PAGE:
Three ways the public sector can hire, train and retain skilled digital transformation teams

Written by Aesha Zafar, Head of Strategic Capability, DWP Digital

DWP Digital deliver services for the UK’s largest public service department, the Department for Work and Pensions (DWP). One of the largest government departments in the UK, DWP has more than 80,000 employees in 800-plus locations. It’s responsible for making $266 billion in payments each year.

DWP Digital is carrying out a large-scale digital transformation to improve our services and the way we interact with citizens, and we continue to evolve and digitize our organization. We faced a common challenge for public sector organizations: How to hire, train, and retain people with the skills to make better digital services. We learned three lessons in the process of reshaping our approach.


Clearly communicate the impact and value of public sector work

We took time to hone our message for digital roles. As a digital specialist, what does it mean to work for DWP Digital? How can we attract great people who may be offered a higher salary in a private sector organisation?

In our recruitment processes, we’ve put a lot of care into describing the kinds of projects that recruits will be involved with. We emphasise the unusual size and scale of the transformation they will be part of and why this creates opportunities to develop valuable new skills.

We’ve also learned that it’s vitally important to be clear about what the public sector offers in terms of non-financial benefits.

What sets us apart is the positive impact of our work on people’s lives. And while it’s important for some people to work for the greater good, we’re also aware that professional priorities can change at different stages of a career. Some might want to work flexibly or value an environment in which they’re appreciated for who they are. For others, the priority might be pension benefits.

Another important step was to review whether it was clear how to apply for a role in DWP Digital. To get the right people for the digital transformation, we had to transform our recruitment process. We did this by making job descriptions clearer, trialing new application methods, ensuring the end-to-end process had fewer steps, and prioritising candidate communications and engagement.


Recognise and train your existing workforce

In an organisation the size of DWP Digital, one of the most important changes we made was to map the skills and experience of our existing digital teams. We discovered uncaptured expertise when we introduced an online tool giving our colleagues the ability to simply log their skills, level of experience, and knowledge. It also makes all job roles and career paths in the organisation visible.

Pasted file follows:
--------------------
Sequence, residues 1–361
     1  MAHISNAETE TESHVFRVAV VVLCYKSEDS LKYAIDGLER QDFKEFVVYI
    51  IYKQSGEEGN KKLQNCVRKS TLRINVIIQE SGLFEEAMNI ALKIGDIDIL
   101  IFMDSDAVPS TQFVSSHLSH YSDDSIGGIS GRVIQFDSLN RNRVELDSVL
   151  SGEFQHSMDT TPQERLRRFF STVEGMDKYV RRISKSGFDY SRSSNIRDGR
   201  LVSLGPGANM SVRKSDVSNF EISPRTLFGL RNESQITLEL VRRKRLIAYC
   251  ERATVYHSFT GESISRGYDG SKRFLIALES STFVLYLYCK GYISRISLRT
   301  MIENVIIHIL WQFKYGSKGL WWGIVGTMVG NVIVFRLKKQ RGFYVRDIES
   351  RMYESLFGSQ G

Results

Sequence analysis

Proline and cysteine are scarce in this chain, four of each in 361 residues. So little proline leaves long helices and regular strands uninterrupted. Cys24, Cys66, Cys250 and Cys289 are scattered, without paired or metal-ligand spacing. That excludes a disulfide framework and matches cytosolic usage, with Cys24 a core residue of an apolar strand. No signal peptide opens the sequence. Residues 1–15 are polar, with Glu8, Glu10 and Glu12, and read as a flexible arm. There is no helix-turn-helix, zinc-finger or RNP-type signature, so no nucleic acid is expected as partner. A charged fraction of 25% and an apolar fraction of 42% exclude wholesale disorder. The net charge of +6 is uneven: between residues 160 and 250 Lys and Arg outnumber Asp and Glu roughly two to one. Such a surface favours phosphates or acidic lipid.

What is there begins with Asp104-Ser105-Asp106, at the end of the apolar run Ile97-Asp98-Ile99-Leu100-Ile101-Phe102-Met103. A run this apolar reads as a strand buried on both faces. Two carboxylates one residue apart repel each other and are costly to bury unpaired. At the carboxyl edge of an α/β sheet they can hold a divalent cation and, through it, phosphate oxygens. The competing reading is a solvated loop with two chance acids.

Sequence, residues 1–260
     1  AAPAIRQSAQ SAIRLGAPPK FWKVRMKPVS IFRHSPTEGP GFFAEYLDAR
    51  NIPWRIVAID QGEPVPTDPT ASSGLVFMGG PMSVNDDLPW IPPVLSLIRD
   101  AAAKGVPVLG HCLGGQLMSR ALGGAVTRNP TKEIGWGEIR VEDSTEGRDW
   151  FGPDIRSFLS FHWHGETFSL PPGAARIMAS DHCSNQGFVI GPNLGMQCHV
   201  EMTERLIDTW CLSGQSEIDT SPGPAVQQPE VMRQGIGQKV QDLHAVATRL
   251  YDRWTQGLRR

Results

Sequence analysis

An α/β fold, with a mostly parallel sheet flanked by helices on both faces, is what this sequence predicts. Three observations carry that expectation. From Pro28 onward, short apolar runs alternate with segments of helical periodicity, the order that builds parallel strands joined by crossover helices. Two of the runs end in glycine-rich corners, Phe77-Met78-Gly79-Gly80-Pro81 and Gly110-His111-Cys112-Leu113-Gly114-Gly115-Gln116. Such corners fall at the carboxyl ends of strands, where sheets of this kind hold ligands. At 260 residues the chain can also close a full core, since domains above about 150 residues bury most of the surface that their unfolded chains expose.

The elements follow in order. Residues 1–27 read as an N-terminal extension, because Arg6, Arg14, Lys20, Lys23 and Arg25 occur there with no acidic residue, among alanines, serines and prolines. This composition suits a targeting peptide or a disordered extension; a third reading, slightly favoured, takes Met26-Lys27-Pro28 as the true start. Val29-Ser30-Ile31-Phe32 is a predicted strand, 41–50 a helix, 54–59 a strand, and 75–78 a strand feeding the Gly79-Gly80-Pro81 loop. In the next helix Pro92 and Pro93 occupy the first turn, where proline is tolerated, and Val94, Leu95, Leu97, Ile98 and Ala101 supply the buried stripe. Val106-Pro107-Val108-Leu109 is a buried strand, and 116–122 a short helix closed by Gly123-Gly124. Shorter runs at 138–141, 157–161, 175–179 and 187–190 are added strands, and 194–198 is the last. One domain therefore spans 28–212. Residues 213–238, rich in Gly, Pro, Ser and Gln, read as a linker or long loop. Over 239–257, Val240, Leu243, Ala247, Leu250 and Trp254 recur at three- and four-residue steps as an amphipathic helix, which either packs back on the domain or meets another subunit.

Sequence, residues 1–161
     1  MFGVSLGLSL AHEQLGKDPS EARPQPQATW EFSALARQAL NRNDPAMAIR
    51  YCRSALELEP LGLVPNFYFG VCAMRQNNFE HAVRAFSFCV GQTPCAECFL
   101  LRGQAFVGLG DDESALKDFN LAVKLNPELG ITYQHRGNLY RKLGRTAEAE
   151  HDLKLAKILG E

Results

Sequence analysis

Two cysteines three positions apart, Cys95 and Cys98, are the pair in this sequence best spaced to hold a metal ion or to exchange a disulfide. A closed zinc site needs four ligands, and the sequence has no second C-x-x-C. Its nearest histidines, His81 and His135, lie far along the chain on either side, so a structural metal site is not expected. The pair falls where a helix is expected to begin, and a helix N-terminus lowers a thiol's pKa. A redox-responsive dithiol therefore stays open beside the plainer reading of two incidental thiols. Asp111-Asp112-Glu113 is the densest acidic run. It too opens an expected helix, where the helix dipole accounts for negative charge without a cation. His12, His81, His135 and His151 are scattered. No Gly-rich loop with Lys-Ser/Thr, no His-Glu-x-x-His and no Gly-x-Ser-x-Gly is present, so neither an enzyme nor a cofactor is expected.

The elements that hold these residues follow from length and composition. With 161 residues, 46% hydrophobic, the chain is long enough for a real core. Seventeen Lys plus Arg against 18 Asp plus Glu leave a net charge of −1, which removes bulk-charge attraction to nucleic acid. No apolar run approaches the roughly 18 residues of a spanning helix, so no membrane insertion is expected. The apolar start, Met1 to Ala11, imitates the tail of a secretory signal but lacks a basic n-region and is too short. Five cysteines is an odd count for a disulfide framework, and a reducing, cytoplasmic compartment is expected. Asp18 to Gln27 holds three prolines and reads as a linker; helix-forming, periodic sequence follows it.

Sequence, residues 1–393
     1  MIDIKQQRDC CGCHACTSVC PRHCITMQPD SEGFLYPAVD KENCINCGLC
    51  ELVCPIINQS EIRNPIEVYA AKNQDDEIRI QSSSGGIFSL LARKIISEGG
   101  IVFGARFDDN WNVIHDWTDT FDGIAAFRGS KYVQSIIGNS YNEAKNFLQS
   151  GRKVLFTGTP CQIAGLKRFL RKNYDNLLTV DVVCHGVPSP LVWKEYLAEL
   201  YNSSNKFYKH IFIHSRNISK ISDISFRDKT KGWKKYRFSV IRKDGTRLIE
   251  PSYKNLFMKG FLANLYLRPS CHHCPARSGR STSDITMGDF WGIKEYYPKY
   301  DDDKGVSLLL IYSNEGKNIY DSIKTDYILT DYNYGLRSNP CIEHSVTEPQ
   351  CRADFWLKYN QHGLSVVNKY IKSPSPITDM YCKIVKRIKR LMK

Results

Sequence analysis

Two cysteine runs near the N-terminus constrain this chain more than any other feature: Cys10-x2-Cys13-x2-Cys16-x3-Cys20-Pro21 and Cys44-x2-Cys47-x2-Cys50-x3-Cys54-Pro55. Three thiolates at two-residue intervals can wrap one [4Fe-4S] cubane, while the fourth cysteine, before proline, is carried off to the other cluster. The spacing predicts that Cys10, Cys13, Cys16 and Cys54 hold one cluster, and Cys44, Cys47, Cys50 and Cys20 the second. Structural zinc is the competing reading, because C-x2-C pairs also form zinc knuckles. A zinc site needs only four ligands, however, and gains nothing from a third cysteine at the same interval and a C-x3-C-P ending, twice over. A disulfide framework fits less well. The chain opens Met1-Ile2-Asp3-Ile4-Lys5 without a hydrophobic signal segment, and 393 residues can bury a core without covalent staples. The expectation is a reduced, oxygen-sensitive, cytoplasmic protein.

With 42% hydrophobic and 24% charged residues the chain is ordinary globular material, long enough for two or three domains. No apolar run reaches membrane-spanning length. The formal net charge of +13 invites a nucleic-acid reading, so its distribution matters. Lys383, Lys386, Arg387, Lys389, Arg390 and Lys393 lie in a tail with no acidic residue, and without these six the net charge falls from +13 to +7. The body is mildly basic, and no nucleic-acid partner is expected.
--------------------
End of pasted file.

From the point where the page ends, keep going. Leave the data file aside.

Colleagues can reflect on their careers, understand the different opportunities available, and create development plans. In turn, the organisation can understand colleagues’ ambitions and skill levels, influencing the decisions on training investment and recruiting new people.

Crucial to recruitment and retention is continuing to invest in colleagues in the long-term so people develop, and feel challenged and valued. It’s therefore a real priority for me to support the existing team with similar opportunities where possible as well as provide access to brilliant learning, qualifications, accreditation, and professional memberships.

As our digital transformation work goes beyond roles in coding or systems architecture, we need to raise skills across the board. We have formal training programs for colleagues who are less digitally savvy, so they have the skills and confidence they need.

We’ve also focused on our digital trainee and apprenticeship programs, and these new recruits have started to fill vacancies that had been open for a long time. These programs have created skills development opportunities for more experienced members of staff, who have stepped up to mentor and teach our apprentices.


Build a team that’s ready to adapt

When we set our people strategy, we horizon-scan. We work hard to anticipate our own needs and also consider relevant external trends. We now have succession plans for roles that didn’t exist a few years ago, for example.

But there will always be things we don’t know. Change is inevitable in government and technology, and it can be rapid. That’s why it’s so important to have colleagues and team members who understand that things might change, and who are happy to continuously adapt and learn. One of the most important questions I ask is: How do you respond and adapt to change?

It’s important to create an environment where everyone’s clear that things might change, but that you’ll provide the necessary support.

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